In: Neurology, Vol. 90, No. 10, 06.03.2018, p. e823-e831.

Research output: Contribution to journalArticle

MS Study Group of the Italian Neurological Society. / Pregnancy decision-making in women with multiple sclerosis treated with natalizumab : I: Fetal risks. In: Neurology. 2018 ; Vol. 90, No. 10. pp. e823-e831.
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title = "Pregnancy decision-making in women with multiple sclerosis treated with natalizumab: I: Fetal risks",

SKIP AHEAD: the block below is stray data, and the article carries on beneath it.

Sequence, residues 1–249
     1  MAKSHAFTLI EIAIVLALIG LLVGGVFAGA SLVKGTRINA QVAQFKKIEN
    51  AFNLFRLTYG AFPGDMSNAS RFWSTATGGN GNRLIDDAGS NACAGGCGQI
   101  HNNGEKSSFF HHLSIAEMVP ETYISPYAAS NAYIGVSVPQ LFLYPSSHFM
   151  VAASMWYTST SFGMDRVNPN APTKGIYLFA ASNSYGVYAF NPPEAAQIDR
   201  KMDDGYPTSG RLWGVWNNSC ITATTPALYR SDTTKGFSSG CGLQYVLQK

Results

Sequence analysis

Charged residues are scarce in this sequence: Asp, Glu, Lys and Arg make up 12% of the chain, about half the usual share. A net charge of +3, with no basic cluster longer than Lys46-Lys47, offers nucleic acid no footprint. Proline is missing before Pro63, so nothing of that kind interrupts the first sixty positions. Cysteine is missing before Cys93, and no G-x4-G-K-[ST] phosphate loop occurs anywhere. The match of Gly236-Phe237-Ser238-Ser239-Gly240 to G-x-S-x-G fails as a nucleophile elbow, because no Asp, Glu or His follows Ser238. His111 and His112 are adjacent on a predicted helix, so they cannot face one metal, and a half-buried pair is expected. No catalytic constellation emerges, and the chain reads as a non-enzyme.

abstract = "OBJECTIVE: To assess fetal risk after pregnancy exposure to natalizumab in women with multiple sclerosis (MS), with a specific focus on spontaneous abortion (SA) and congenital anomalies (CA).METHODS: Data of all pregnancies occurring between 2009 and 2015 in patients with MS treated with natalizumab and referring to 19 participating sites were collected and compared with those of pregnancies in untreated patients and patients treated with injectable immunomodulatory agents. Rates of SA and CA were also compared with those reported in the Italian population. Multivariable logistic and linear regression models were performed.RESULTS: A total of 92 pregnancies were tracked in 83 women. In the multivariable analysis, natalizumab exposure was associated with SA (odds ratio [OR] 3.9, 95{\%} confidence interval [CI] 1.9-8.5,p< 0.001). However, the rate of SA (17.4{\%}) was within the estimates for the general population, as well as the rate of major CA (3.7{\%}). Moreover, exposure to natalizumab and interferon-β (IFN-β) was associated with lower length and weight of the babies (p< 0.001).CONCLUSION: Our results showed that natalizumab exposure to up 12 weeks of gestation is associated with an increased risk of SA, although within the limits expected in the general population, whereas the risk of CA needs further investigation. Taking into account the high risk of disease reactivation after natalizumab suspension, pregnancy could be planned continuing natalizumab while strictly monitoring conception.CLASSIFICATION OF EVIDENCE: This study provides Class III evidence that in women with MS, natalizumab exposure increases the risk of spontaneous abortion as compared to IFN-β-exposed or untreated patients (OR 3.9, 95{\%} CI 1.9-8.5).",